Betsy: (in an even worse French accent) Well zen we better do it now!
Kate: (in the worst French accent) If we have, we’ll do it again!
Betsy: We have to do it!
(“Baby Elephant” song plays)
Kate: Zee story tells of a young elefaunt Babar, whose mamon is keeled by a hun-tear. Babar eh-scapes, and in zee process, leaves ze jungle, visits a big sea-tea, and returns to bring ze benefits of see-ville-eh-za-shun to his fellow elefaunt. Just az he returnz to his community of elefaunts, the keeng dies from eating a bad mushroom. Because of his travelzs and see-ville-eh-za-shun, Babar is appointed keeng of the elefaunt kingdom. He marriez his cuzin, and ze go on the honeymun aftervardz.
Betsy: So what’d’ya think?
Kate: This is so depressing.
Betsy: Oh yes!
Kate: And so screwed up. And it teaches so many awful lessons.
Betsy: Yes! Yes!
Kate: And I…it uses words that shouldn’t be in children’s books and I just don’t understand why this is a popular children’s book.
Kate: Cause I know it’s popular cause I’ve heard of it.
Betsy: So you loooove it then?
Betsy: I’m hearing love. I’m feeling waves of love emanating off of you.
Kate: There’s no amour, mon sœur. It is… somethin’, I’ll give it that.
Betsy: Mmmm hmmm. So what struck you as not entirely delightful about this…?
Kate: Well, I have so many notes with so many questions.
Betsy: Oh great!
Kate: I will try and plow through these as fast as I can…
Betsy: Go for it.
Kate: …cause there’s a lot going on here.
Betsy: There is. There’s a lot to unpack.
Kate: Yeah. So, first off…
Betsy: Oh! There’s a lot to unpack…aderm! Eh?? Eh??
Betsy: They’re elephants.
Betsy: Moving on…
Kate: Okay (laughing). So it starts with the mom rocking Babar with her trunk. It just…
Betsy: You know, that was a lot easier for me to read when I was a kid. Now that I’m a mom, I have a hard time with this.
Kate: Really, with the rocking?
Betsy: No! Just the mom… you know what’s going to happen to the mom and you’re just like, “Look…”
Kate: Well, it says she rocks him to sleep. It fails to mention, she rocks him to sleep in a hammock.
Betsy: In an elephant hammock.
Kate: Where did this hammock come from?
Betsy: I don’t know but if these elephants are so advanced that they’ve invented hammocks? I say go for it.
Kate: I don’t think so. I think it was leftover by a human and they should stay far, far away.
Betsy: Oh, that’s probably actually pretty right. They’re probably like, “Look, a hammock!”
Kate: And I don’t think this was written by a French man and I’ll tell you why.
Betsy: Okay, why is that?
Kate: Even though he has a very French name…
Betsy: He does.
Kate: Because I’m looking at all these elephants… there are zero anuses.
Kate: There are plenty of opportunities to put a little dot.
Betsy: We don’t know that the dots weren’t erased on the American publication. If I had the original French, we could compare but… besides, I feel like with elephants it’s less common and more with pets but I haven’t done a comprehensive anus study of children’s literature.
Kate: Everyone has an anus, Betsy.
Betsy: This is all hearsay and conjecture. Not everyone.
Kate: Anyways, so (laughing) all these elephants are playing around… la la la…Babar is on his mom’s back, everything’s happy, and all of a sudden… she’s dead.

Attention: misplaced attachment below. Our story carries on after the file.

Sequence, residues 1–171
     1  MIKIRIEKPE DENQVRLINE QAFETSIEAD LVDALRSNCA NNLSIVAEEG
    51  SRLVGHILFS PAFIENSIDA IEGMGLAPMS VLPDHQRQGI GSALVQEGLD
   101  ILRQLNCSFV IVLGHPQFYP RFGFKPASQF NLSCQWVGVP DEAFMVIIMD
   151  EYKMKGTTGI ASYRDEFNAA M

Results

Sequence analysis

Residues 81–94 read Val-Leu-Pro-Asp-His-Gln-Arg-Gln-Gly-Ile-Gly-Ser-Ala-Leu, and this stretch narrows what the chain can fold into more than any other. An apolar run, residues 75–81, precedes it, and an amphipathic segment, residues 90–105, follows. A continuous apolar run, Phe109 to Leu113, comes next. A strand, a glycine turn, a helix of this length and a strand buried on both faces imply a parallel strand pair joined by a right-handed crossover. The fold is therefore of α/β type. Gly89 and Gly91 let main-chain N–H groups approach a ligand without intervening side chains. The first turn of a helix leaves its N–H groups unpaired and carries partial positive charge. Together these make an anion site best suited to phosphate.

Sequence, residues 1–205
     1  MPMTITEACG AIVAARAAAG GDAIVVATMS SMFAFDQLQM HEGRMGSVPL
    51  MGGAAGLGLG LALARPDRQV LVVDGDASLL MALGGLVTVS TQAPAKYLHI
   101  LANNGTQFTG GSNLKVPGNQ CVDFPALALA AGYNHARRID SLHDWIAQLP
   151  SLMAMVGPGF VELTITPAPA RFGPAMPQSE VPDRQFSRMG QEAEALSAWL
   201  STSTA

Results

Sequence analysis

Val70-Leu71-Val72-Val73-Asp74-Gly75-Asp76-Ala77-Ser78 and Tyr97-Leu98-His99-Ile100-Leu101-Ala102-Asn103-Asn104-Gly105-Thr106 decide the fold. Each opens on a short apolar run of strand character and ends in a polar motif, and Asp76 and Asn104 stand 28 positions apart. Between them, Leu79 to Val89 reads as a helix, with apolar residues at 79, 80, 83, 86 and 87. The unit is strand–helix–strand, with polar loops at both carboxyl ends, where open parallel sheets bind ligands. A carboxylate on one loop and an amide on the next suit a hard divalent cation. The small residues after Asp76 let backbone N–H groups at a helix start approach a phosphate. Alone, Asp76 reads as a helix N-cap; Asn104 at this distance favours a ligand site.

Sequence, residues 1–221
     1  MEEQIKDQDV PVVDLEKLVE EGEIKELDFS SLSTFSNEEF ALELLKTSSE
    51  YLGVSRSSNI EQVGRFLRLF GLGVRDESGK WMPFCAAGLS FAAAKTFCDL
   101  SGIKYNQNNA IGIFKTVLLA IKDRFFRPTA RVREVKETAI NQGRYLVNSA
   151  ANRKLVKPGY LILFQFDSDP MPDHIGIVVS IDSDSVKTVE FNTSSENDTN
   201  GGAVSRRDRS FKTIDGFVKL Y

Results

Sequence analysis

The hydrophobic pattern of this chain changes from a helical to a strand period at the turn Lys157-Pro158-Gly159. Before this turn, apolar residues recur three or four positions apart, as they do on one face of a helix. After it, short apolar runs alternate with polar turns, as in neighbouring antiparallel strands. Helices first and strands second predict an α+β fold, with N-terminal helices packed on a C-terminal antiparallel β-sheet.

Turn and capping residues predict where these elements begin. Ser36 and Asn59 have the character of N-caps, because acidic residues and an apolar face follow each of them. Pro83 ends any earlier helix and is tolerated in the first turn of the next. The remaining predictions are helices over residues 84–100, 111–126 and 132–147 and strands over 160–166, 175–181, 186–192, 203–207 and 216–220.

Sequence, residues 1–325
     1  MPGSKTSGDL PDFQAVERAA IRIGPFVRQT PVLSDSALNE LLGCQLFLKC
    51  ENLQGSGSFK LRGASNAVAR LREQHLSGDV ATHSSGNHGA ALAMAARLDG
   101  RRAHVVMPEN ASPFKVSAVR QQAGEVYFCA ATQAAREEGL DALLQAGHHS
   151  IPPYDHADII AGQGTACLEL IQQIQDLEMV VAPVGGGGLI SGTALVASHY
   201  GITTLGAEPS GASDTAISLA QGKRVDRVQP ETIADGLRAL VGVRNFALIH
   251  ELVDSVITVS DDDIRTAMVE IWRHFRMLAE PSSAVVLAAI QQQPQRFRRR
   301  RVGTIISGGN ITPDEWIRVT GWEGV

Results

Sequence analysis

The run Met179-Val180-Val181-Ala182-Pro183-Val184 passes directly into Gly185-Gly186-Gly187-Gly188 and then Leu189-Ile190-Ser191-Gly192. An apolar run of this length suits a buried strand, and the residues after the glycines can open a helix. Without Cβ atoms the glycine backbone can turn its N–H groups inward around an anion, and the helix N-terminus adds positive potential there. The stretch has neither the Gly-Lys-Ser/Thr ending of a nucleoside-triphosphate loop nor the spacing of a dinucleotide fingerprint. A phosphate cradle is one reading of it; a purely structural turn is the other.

Kate: I was like, “This is like Bambi!”
Betsy: It’s like Bambi without the buildup. At least in Bambi, the mom says a couple times, “Watch out for the hunter, Bambi. The hunter is near.” And you have a lot of, like, you know, there’s a hunter, there’s a hunter! Here, it’s just, “Everything’s cool. Everything’s cool. Everything’s cool. My mom is dead.”
Kate: And this got dark real quick.
Betsy: (laughing) I was walking by you as you were reading it and you actually said out loud, “That got dark real quick.”
Kate: Yeah, we’re seven pages in… dead elephant.
Kate: Okay. So Babar runs away, which is the smart..
Betsy: That is the logical thing to do.
Kate: Smart, correct thing to do. You run!
Betsy: Mmm hmmm.
Kate: And he runs into the city…
Kate: …where he runs into an old lady who (laughing) just thinks that this elephant wants a good suit! “I’m going to give him all my money cause I can, I can just tell.”
Betsy: Dude, she’s very rich. And very bored.
Kate: What old lady looks at an elephant and thinks, “I bet that elephant wants a suit”?
Betsy: Does she actually say he wants a suit or was that his idea? Because I know he’s staring at the gentlemen in their suits being like, “I want a piece of that.”
Kate: It says, “Luckily, a very rich old lady who has always been fond of little elephants, understands right away that he is longing for a fine suit.”
Betsy: (laughing) To be fair, he goes on his own. He doesn’t bring her with. She tosses him the purse and is like, “Go crazy!” and he do.
Kate: Yeah, and this is just teaching kids retail therapy.
Betsy: Oh, very much so. Yeah you wanna deal with your mom’s death? Buy yourself some spats.
Kate: If you’re sad, go buy something!
Betsy: Yeah.. how about a bowler hat? Get yourself something pretty.
Kate: Ahh, but it’s not a bowler hat. It is a derby hat.
Betsy: Oh! I stand corrected. I’m sorry. I was convinced it was bowler. You’re right. It is derby. Oh dear.
Kate: But this is just the long…
Betsy: …going to turn in my credentials…
Kate: … long series of questions I have. Starting with number one – why do they own elephant-size everything?
Betsy: He’s a little elephant (laughing)
Kate: And yet, this is still an elephant and they have a elephant-sized shirt, elephant-size suit…
Betsy: Maybe they have a very fat clientele.